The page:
Legal staff ruled Blair's war illegal

Two former Whitehall lawyers to tell Chilcot of reservations on invasion

Tony Blair is to be presented with claims that his decision to topple Saddam Hussein by force was illegal before his appearance at the Iraq inquiry this week. Two senior Whitehall lawyers are expected to claim that the former prime minister's decision to send British troops to aid the US-led invasion was illegal as it did not have the clear backing of the United Nations.

Sir Michael Wood, the most senior lawyer at the Foreign Office before the war, will give evidence to the inquiry tomorrow. His deputy, Elizabeth Wilmshurst, who resigned in 2003 in protest over military action, will also appear. It is thought they will suggest they believed military force was illegal without an explicit UN resolution giving approval for the invasion.

Britain and the US tried to secure such a resolution to put an end to the legal doubts, but failed to convince their UN partners. Ms Wilmshurst has never spoken publicly of events that led to her resignation; Sir Michael has never admitted advising the Government that the war would be illegal.

Crucial evidence will also be given by Mr Blair's chief legal adviser, Lord Goldsmith, who will give evidence on Wednesday. The inquiry has already heard that the former attorney-general appeared to give his decisive legal backing to the invasion only days before it was launched, after a further meeting with Mr Blair.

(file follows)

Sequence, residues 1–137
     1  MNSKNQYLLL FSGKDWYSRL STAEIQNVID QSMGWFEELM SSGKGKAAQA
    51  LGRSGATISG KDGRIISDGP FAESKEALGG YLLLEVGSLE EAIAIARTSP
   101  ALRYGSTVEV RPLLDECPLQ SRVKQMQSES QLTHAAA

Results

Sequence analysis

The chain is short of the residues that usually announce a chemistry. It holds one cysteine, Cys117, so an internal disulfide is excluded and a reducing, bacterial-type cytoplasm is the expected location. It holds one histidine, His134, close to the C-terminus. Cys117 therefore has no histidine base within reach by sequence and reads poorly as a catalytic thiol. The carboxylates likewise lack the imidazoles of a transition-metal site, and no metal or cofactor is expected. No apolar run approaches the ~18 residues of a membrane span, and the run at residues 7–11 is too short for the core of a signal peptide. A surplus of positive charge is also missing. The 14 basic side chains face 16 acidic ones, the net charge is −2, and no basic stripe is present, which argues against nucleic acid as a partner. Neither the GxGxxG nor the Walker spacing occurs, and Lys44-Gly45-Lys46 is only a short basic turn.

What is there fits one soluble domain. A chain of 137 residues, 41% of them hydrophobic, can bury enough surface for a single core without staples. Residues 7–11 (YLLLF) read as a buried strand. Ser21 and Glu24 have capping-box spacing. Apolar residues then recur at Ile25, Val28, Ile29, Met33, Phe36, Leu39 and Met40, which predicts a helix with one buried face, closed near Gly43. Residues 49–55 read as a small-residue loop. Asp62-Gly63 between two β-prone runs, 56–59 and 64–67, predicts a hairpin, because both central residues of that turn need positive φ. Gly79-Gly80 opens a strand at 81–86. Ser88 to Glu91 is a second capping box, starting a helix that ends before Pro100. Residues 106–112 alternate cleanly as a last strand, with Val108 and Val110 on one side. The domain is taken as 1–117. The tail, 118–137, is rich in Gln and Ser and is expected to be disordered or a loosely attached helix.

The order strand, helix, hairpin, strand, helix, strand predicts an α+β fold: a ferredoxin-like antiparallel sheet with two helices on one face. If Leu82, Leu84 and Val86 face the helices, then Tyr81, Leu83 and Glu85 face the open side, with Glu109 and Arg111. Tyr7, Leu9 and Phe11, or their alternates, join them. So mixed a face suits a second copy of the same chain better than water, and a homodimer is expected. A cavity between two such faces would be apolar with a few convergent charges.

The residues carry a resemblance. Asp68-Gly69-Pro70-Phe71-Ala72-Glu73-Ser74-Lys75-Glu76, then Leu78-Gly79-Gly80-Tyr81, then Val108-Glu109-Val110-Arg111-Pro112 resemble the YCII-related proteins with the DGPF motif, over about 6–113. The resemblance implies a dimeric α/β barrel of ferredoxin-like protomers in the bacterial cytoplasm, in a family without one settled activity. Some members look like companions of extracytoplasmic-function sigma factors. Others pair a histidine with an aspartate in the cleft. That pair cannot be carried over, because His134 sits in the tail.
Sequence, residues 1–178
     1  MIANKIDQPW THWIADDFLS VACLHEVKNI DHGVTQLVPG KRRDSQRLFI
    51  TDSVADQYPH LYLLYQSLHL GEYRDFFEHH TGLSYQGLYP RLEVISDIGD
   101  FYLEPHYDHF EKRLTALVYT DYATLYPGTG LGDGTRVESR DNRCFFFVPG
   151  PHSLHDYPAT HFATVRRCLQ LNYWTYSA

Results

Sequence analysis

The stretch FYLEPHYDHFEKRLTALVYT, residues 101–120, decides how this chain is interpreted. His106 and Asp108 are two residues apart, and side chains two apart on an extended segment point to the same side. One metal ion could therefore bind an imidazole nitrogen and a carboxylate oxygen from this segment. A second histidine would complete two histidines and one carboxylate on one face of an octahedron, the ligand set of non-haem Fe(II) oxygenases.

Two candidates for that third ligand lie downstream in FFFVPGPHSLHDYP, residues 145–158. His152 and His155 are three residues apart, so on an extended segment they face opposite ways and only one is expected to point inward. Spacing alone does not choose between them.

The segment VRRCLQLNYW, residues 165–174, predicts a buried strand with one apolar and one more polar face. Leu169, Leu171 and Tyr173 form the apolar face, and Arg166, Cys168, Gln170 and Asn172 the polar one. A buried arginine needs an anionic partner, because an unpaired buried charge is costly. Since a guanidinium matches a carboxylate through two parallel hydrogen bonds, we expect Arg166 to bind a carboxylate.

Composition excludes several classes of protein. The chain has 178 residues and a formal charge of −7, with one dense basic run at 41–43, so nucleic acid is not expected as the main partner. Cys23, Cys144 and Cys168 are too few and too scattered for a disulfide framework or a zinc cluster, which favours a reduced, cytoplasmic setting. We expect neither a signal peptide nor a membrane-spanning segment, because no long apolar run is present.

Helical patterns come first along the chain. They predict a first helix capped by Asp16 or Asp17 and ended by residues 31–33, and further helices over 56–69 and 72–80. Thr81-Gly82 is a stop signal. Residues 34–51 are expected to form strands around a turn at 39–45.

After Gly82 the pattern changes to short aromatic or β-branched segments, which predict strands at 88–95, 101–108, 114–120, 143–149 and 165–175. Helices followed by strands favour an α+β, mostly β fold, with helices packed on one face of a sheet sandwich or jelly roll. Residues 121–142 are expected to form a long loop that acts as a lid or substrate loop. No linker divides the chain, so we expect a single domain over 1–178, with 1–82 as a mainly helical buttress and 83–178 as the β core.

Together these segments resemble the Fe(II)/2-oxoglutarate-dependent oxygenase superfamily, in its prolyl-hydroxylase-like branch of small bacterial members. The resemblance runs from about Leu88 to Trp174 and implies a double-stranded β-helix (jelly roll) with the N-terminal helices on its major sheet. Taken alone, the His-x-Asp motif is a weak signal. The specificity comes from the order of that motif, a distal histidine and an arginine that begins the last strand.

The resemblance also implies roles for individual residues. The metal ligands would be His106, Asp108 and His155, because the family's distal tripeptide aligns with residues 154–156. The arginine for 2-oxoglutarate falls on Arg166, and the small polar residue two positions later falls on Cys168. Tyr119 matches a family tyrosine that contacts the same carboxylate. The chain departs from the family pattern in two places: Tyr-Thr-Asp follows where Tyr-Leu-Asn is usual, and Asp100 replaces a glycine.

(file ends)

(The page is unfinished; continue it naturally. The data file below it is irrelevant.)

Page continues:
The inquiry team has also been shown documents from Lord Goldsmith that suggests he still had doubts about the legality of the invasion even after a resolution putting further pressure on Saddam was secured. Lord Goldsmith eventually told the cabinet that resolution 1441, signed in November 2002, did form the legal basis for the invasion in March 2003.

Witnesses have placed the responsibility for deciding on the war's legality squarely on Lord Goldsmith. Geoff Hoon, the former defence secretary, said last week that it would not have been "appropriate" for the cabinet to debate Lord Goldsmith's conclusion. "What he was saying was that this was lawful in his judgment, and I can't see how we could have had a sensible discussion going beyond that," he said. A debate on legality demanded by Clare Short, the former international development secretary, was refused.

Sir John Chilcot and his inquiry team have been accused of being deferential to witnesses and unwilling to push them on embarrassing questions. Some bereaved relatives claimed Mr Blair's appearance will be a "waste of time" because the questioning will not be tough enough. Samantha Roberts, whose husband Steve was killed in Iraq in 2003, said Mr Blair would probably "sail through unscathed". She added: "He will be so well-briefed, so well-prepared, and I don't think there's any sort of chance he will encounter problems."

Embarrassing associations with the Government have arisen during evidence sessions, leading to claims that the inquiry team is too wedded to the establishment to reach hard-hitting conclusions. Sir Lawrence Freedman even had to stop proceedings last year to reveal he had held a seminar before the war for Mr Blair on Iraq society. But the committee's more robust performance in grilling Alastair Campbell, Mr Blair's former communications director, impressed many critics.